Budget arrives at ‘challenging time’ for council
Hokama calls for completing projects already on the books
WAILUKU — Maui County Council Budget and Finance Committee Chairman Riki Hokama did not get specific on projects or budget items he would support or object to in Mayor Alan Arakawa’s proposed $820 million fiscal 2019 budget, but he said the council should look into completing projects already on the books, as well as filling current staff vacancies, before creating new jobs and craft a budget allowing for flexibility for a new administration.
Hokama pointed out Arakawa has proposed a nearly $215 million capital improvement project budget that includes 49 new projects among older ones. Arakawa also is seeking 78 expansion positions in 12 different departments, Hokama said.
Submitted last week, the administration’s spending plan is Arakawa’s last budget proposal. He is completing the fourth year of his second four-year term in office. He cannot seek re-election because of term limits.
“Budget, it’s always a challenging time, your chair always looks forward to this time of the year,” Hokama said in his opening remarks to committee members Thursday in Council Chambers. “But the question for us this morning (is) how do we balance the needs of the community while still maintaining our quality of life within their ability to pay?
“This is a question as policymakers we continue to ask ourselves during these deliberations. Hopefully we find a mutual solution and answers,” Hokama said.
The council has until June 10 to take action on the budget; otherwise, the mayor’s proposed budget becomes law. The budget goes into effect July 1.
The budget would increase county spending by $114.8 million, or 16.3 percent, over the council-adopted fiscal 2018 budget of $705.2 million. The 2019 fiscal operating budget totals $605 million and it has a capital program budget of $214.9 million. With revolving and special funds, transfers between funds within the county and expected grant revenue and other revenue outside the county, the proposed budget’s grand total is $882.6 million.
Among Arakawa’s major proposals is a tiered scheme for property taxes designed to increase income from owners of second homes and investment properties. Both are trends aggravating Maui County’s housing crisis.
The proposed tiered system would affect four property tax categories: residential, apartment, agricultural and conservation.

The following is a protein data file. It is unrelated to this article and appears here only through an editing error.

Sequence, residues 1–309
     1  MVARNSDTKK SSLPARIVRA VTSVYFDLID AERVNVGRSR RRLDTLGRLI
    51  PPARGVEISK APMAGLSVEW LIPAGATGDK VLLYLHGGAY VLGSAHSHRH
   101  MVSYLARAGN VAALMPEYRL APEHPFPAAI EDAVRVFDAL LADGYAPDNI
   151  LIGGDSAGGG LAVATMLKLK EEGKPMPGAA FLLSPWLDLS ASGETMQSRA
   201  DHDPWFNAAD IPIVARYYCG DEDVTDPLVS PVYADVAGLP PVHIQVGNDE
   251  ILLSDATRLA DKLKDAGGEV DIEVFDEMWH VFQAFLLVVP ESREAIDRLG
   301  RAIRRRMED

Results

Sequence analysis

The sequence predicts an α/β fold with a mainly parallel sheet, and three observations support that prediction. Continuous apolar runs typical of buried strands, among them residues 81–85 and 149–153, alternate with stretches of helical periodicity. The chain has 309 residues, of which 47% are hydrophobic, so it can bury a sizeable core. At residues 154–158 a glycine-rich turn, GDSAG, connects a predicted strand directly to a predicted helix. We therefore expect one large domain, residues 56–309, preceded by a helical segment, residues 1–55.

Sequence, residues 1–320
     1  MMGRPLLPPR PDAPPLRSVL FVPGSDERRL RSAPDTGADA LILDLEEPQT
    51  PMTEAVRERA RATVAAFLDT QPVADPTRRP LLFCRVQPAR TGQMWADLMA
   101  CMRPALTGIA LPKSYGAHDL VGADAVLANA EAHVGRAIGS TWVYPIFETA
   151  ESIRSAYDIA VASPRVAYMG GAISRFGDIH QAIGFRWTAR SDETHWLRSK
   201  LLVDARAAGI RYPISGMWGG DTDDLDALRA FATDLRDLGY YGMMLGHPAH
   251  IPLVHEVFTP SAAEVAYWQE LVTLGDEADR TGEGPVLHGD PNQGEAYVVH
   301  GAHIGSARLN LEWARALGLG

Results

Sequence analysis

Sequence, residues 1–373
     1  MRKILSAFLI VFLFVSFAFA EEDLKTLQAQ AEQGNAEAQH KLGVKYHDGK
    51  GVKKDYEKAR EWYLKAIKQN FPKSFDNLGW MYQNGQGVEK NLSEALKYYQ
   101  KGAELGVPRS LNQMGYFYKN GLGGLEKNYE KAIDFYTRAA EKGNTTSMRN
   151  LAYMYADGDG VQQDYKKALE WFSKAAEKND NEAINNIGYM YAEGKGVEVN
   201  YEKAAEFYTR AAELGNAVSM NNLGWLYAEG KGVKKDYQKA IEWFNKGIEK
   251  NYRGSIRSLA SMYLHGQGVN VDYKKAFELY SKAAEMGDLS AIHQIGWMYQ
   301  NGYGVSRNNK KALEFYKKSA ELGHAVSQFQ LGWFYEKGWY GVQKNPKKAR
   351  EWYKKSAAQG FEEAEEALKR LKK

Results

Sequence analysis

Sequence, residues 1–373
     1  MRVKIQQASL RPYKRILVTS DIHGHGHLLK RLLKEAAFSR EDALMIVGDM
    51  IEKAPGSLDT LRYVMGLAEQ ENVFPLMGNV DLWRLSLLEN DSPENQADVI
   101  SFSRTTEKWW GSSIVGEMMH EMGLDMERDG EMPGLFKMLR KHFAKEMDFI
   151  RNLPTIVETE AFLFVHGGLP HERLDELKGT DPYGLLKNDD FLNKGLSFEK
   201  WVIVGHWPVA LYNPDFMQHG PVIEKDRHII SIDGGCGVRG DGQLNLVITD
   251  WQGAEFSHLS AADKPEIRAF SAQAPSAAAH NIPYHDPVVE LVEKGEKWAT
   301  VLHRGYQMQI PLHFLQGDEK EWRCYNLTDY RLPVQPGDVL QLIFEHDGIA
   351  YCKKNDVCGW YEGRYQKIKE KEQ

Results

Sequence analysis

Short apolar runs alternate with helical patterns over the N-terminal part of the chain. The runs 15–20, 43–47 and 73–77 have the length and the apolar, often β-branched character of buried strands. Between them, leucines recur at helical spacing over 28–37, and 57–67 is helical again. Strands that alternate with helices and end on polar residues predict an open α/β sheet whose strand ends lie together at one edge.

It would ease the tax burden for owners’ first $500,000 assessed value, keep it the same for $500,000 to $1.5 million and increase it by 50 percent for those portions of values that rise above $1.5 million.
It will not affect homeowners.
Responding to questions from committee members Thursday, Budget Director Sandy Baz said that if the tiered system were to pass as is, it would generate $10 million more in revenue, apart from higher property valuations.
Baz said the Honolulu City and County has a tiered system for taxing second homes, although the highest tier increases the property tax by 100 percent on Oahu, versus the proposed 50 percent in Maui County.
Hokama told committee members he would closely follow developments at the state Legislature and would not account yet for measures relating to the Neighbor Island counties’ share of transient accommodations tax revenue.
This week, the state House of Representatives passed a bill in which Maui County’s annual share of the transient accommodations tax would go up by $14.8 million from $23.5 million to $38.3 million. The measure advanced to the state Senate where its fate is uncertain.
Council Chairman Mike White said that, even with the increases proposed, Maui County is still receiving a small share of the transient accommodations taxes that it generates on its own.
Arakawa’s budget calls for some increases to rates and fees. These include increasing the monthly fee for residential refuse collection from $27 to $32 per month on Maui and Molokai and $14 to $16 on Lanai. Rates also increased last year.
Another increase would be hiking the landfill commercial tipping fee from $90 to $97 per ton, and the Arakawa administration wants to boost sewer fees by 3 percent. (Now, the maximum sewer fee for residents is $66.26 per month. With the increase, it would be $68.48.)
The mayor also is proposing to increase the annual motor vehicle registration fee from $17.50 to $20.
Arakawa’s budget includes $81.2 million for the construction of the Wailuku civic center complex, $35.4 million for road resurfacing and improvements, and $20.1 million for new parks facilities and improvements, including to the Waiehu Municipal Golf Course.
* Melissa Tanji can be reached at firstname.lastname@example.org.